AcknowledgmentsI am indebted to the many residents of the county who readily gave permission to measure their wells, and who supplied helpful information regarding them. Special acknowledgment should be given to the fine cooperation of all the well drillers in the county for making available to the writer well logs and in some cases samples of water-bearing materials. George S. Knapp, chief engineer of the Division of Water Resources, Kansas State Board of Agriculture, made available unpublished data relating to wells, and assigned Kenneth D. McCall and Milburn H. Davison to conduct pumping tests on several typical irrigation wells in Ford County. I spent several days in the field with McCall and Davison, assisting them with the pumping tests. Thanks are due to Harold T.U. Smith, of the Department of Geology, University of Kansas, for unpublished data and for helpful suggestions in the preparation of this report. Thanks are due also to Claude W. Hibbard, assistant curator of vertebrate paleontology of the Dyche Museum of Natural History, University of Kansas, for close cooperation in the field and for helpful identification of vertebrate and invertebrate material collected in Ford County. Several days were spent in the field with Smith and Hibbard studying stratigraphic relations in Ford County and adjacent areas. Special acknowledgment is due to Fred Moon, irrigation specialist, of the Kansas Power Company, Dodge City, for valuable assistance during the entire investigation.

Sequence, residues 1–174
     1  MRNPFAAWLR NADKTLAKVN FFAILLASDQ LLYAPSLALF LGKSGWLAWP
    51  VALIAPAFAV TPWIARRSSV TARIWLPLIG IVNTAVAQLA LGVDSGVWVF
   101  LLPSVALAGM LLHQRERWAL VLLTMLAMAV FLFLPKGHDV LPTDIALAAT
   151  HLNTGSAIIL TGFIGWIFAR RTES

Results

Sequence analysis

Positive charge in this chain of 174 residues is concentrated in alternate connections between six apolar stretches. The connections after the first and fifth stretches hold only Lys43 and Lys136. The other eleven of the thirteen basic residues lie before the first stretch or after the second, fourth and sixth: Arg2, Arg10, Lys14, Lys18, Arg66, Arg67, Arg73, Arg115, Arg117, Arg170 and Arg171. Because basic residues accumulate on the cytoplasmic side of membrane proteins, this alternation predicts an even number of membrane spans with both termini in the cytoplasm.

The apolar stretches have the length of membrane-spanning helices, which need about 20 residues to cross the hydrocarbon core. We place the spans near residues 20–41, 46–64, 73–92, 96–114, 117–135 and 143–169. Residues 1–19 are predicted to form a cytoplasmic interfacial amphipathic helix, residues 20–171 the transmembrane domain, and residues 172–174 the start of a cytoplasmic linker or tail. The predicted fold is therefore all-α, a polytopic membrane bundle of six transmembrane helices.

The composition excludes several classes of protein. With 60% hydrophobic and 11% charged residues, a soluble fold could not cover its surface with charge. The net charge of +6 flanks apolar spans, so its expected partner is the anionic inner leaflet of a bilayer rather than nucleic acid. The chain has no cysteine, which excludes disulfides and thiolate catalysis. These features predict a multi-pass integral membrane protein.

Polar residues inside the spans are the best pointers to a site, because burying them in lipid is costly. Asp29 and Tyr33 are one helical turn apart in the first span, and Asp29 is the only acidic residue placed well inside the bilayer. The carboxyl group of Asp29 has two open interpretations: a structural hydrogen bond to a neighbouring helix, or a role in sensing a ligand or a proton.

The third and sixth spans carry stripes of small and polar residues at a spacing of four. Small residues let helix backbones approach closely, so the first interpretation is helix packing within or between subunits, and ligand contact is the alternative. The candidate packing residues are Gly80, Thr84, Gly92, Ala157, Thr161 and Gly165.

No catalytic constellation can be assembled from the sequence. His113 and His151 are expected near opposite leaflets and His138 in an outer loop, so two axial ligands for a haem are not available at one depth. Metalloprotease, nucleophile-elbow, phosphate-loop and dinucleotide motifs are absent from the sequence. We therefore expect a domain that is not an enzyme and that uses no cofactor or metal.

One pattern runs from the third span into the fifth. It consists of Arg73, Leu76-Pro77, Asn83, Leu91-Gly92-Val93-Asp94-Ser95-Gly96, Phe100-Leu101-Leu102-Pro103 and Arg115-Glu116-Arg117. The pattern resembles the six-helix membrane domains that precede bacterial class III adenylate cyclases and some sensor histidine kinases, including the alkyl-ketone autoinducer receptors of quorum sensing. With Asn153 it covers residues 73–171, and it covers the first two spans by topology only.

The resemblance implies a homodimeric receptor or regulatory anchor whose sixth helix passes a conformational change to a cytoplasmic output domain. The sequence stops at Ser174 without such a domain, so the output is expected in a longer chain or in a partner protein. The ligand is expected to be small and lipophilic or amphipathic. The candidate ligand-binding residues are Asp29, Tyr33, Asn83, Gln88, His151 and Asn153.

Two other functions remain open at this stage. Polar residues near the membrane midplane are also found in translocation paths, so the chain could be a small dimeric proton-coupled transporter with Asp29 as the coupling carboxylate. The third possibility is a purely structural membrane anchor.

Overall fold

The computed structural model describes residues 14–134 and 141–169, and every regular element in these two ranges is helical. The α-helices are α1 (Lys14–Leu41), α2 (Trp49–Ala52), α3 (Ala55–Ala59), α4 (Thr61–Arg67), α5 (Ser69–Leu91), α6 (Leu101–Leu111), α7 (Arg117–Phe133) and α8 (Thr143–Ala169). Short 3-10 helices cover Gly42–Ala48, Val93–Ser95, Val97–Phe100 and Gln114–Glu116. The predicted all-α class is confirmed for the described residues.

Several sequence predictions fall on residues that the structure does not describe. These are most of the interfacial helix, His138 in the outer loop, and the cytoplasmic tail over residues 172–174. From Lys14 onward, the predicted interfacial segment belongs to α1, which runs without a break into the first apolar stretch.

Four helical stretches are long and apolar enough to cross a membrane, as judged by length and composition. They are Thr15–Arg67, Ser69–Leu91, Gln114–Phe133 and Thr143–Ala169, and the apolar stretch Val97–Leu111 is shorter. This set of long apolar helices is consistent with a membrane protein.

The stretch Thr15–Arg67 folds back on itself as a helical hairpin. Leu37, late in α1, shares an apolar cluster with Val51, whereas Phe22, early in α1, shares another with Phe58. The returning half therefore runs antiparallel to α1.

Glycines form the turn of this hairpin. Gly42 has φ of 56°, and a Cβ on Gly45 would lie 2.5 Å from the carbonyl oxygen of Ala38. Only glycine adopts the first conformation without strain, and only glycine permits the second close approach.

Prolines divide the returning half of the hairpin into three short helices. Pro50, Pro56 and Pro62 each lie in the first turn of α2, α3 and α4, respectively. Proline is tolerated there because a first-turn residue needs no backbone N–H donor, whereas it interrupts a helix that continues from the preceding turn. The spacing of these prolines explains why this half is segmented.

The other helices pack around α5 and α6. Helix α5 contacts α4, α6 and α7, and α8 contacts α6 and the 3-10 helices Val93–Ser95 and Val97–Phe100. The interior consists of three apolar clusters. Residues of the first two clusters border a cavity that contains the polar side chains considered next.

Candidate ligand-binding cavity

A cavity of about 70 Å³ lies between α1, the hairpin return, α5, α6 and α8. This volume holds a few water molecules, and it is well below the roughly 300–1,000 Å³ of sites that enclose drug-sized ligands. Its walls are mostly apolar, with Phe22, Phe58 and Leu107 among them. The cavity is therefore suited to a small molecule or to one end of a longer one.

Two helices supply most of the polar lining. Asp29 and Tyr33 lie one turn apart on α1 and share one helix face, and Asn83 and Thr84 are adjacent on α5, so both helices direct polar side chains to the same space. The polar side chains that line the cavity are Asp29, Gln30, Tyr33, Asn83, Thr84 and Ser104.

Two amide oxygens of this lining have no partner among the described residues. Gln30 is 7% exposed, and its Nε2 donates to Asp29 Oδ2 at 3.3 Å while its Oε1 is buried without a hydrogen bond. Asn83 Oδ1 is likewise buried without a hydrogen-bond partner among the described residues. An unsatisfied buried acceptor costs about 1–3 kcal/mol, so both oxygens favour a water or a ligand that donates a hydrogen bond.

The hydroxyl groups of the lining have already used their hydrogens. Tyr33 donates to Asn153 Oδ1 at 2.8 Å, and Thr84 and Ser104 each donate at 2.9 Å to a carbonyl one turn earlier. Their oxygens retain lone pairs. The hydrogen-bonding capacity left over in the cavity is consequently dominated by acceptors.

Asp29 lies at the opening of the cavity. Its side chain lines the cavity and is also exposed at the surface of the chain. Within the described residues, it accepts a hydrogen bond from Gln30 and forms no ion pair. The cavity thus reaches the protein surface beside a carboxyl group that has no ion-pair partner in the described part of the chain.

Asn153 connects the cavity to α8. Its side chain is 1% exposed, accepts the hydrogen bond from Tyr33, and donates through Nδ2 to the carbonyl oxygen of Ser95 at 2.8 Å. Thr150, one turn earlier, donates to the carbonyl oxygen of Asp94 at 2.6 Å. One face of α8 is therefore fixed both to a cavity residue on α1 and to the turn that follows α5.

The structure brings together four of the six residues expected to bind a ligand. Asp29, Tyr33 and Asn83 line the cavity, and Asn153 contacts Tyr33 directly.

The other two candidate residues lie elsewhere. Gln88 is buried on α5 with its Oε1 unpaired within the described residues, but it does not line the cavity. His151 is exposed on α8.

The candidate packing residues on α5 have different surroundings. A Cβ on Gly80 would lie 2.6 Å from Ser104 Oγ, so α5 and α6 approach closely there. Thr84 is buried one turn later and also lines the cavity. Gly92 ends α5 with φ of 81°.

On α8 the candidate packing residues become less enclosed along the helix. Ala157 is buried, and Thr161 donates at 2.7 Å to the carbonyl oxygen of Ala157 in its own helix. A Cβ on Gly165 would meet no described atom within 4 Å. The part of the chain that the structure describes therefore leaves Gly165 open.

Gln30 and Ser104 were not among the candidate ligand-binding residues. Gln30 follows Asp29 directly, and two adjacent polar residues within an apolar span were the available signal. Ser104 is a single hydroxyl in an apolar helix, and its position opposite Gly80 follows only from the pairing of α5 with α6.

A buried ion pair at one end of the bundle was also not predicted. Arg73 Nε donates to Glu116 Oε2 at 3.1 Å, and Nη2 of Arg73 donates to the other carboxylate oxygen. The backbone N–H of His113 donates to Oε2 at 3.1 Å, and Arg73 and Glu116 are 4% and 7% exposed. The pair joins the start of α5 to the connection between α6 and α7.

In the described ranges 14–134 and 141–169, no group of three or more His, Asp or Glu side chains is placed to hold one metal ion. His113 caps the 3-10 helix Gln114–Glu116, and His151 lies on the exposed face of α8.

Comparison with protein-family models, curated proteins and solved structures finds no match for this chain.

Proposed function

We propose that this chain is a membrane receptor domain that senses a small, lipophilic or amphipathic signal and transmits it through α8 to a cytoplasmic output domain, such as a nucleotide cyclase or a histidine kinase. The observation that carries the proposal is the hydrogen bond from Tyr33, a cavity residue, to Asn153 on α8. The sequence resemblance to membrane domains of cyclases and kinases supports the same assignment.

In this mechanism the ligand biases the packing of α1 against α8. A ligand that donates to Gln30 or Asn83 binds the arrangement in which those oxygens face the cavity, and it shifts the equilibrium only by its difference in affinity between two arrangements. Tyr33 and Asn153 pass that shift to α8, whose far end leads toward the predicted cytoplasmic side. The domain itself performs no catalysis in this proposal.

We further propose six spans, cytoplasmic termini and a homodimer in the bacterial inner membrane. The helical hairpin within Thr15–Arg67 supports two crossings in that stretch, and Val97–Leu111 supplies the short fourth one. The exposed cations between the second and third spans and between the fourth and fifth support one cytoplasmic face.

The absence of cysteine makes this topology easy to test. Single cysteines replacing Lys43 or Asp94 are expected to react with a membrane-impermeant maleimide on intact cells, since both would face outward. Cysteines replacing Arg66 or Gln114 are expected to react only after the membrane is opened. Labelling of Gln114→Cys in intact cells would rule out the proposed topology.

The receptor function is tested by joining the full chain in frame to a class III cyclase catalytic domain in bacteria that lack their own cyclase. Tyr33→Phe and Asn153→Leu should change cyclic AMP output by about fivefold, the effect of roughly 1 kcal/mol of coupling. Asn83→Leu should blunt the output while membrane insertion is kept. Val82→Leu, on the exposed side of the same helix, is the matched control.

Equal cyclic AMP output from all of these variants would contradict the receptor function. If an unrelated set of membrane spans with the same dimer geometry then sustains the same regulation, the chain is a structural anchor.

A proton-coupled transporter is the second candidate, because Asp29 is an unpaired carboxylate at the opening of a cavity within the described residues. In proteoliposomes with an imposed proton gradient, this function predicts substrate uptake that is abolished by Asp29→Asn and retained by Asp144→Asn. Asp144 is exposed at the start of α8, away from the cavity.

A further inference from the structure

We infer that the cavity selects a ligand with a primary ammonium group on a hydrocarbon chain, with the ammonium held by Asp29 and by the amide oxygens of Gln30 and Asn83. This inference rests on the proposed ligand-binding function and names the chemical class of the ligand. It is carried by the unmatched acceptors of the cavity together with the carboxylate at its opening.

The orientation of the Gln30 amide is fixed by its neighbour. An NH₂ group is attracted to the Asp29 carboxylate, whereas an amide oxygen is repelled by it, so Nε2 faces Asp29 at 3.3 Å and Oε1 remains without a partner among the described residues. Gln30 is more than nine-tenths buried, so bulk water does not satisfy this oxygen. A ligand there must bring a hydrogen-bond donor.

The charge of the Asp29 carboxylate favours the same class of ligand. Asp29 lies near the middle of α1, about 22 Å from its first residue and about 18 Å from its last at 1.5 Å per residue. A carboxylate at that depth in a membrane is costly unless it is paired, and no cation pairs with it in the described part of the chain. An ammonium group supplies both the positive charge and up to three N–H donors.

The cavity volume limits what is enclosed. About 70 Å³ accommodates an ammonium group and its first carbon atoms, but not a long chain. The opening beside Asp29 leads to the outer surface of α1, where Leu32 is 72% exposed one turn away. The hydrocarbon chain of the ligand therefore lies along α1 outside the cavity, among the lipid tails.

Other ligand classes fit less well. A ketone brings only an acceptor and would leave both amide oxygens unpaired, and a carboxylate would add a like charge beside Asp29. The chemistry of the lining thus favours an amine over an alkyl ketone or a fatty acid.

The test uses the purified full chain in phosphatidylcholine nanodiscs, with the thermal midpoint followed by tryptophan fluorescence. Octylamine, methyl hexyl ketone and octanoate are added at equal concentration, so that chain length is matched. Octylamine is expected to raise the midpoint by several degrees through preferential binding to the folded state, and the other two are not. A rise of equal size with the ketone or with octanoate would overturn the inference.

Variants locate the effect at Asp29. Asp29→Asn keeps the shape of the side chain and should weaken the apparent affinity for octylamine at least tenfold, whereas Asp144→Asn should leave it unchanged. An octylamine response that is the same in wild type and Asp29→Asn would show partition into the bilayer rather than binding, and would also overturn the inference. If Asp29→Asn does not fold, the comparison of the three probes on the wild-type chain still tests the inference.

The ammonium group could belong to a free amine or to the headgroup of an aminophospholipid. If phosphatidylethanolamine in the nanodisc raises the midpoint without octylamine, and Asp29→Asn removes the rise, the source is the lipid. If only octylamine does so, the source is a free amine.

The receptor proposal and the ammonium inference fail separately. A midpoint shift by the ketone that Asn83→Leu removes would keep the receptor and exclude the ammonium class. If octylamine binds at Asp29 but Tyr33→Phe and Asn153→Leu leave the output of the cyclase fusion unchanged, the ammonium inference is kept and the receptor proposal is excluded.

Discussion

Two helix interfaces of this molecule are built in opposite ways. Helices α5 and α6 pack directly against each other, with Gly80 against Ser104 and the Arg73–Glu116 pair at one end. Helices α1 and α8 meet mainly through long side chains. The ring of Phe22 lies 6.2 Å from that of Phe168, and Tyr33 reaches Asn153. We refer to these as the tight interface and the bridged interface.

Acknowledgment for helpful information is due also to the following persons: J.C. Denious and Jay Baugh, Dodge City Daily Globe; Frank Dunkley, secretary of the Dodge City Chamber of Commerce, and C.C. Isely, chairman of the Special Irrigation Committee of that organization; P.H. Browne, Johnston Pump Company, Dodge City; Fred Kirkpatrick, city engineer; Glenn Faulkner county engineer; Rex Reynolds, city water commissioner; A.M. Truman, division engineer, and Dave Kriegh, draftsman, both of the Atchison, Topeka and Santa Fe Railway, Dodge City; H.I. Christensen, Norvall White, Frank White, and Frank Westerman of the Kansas Power Company's plant near Fort Dodge; F.E. Vance, engineer in charge of the power plant at the Kansas Soldiers' Home at Fort Dodge; U.G. Balderston, Dodge City; Tom Stauth, Dodge City; J.E. Homnan, Kansas Power Company, Dodge City; John Dortch, water superintendent of Spearville, Kan.; and J.F. Devore, city clerk of Bucklin.
Logs of test wells put down by the Layne-Western Company at Dodge City and at Minneola Booster Station No. 3 of the Natural Gas Pipe Line Company of America were kindly furnished by R.O. Joslyn, president of that company.
The manuscript for this report has been critically reviewed by S.W. Lohman, O.E. Meinzer, and W.D. Collins of the Federal Geological Survey; H.C. Moore and J.C. Frye of the State Geological Survey; George S. Knapp, chief engineer of the Division of Water Resources of the Kansas State Board of Agriculture; and Lewis Young, acting director of the Division of Sanitation of the Kansas State Board of Health. The illustrations were drafted by G.W. Reimer, Alice Bruce, Dorothea Weingartner, Joan Justice, and Eva Baysinger, of the Kansas Geological Survey.
Kansas Geological Survey, Ford Geohydrology|
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Web version April 2002. Original publication date Dec. 1942.